Synthetic antibody helps protect COVID against some cancer patients, organ recipients – WCCO

MINNEAPOLIS (WCCO) – We learn more about preventive treatment for the most vulnerable Minnesota residents in the fight against COVID-19.

Lisa Stackhouse is one of the few Minnesota residents to receive a newly approved monoclonal antibody therapy designed to protect people who are immunocompromised against COVID-19.

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“It’s been a long 21 months, but I feel like there’s light at the end of the tunnel now,” Stackhouse said.

Last week, the dual lung transplant recipient, who was himself in quarantine during the pandemic, received what is called Evusheld, a synthetic antibody that lasts about six months.

“It just feels like a blessing to be able to have a little bit of protection,” Stackhouse said.

Dr. Bryan Jarabek is a senior medical information officer at M Health Fairview.

(Credit: CBS)

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“People have actually figured out how to make an antibody that targets the COVID virus,” said Dr. Jarabek.

He says that Evusheld is for the patients who are most exposed to COVID-19.

“Where everyone else can get the vaccine and have that protection, these people do not have an immune system, so this is a big new benefit for them to get this treatment,” said Dr. Jarabek.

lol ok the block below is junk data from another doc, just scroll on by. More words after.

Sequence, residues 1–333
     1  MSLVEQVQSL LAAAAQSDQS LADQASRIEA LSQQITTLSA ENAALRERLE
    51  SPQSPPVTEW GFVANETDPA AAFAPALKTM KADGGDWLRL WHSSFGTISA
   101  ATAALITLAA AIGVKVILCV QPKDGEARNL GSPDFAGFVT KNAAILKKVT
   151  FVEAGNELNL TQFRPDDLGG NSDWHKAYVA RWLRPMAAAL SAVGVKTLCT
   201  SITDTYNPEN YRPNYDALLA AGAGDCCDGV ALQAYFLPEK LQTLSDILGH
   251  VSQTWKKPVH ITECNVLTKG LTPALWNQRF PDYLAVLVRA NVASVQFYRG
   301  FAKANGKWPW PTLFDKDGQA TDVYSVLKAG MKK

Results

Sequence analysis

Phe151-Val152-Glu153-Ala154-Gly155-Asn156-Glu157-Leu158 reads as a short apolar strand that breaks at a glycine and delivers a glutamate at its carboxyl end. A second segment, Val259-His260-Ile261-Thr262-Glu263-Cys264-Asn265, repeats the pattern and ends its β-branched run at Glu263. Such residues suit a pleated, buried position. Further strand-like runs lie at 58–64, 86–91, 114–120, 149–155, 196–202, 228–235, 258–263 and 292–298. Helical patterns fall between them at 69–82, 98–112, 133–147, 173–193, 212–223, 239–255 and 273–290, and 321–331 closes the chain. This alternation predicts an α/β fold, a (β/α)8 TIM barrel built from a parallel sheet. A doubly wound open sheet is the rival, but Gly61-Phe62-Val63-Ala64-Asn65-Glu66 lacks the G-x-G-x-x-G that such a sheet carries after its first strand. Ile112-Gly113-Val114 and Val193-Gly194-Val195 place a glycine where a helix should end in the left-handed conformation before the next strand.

Right now, he says, it’s for people with a bone marrow or lung transplant or in active treatment for lymphoma or leukemia, like Betsy Gabler. Doctors diagnosed her in September last year. She says this allows her to get support while undergoing treatment.

“Just understanding the strength of being able to have a friend by you when you go through something,” Gabler said. “If you can have someone with you and feel confident about doing so, it really makes a big difference.”

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There is such a limited supply right now that M Health Fairview only distributes by invitation and prioritises by the most vulnerable patients. click here for more information. And click here for more information from the Minnesota Department of Health.


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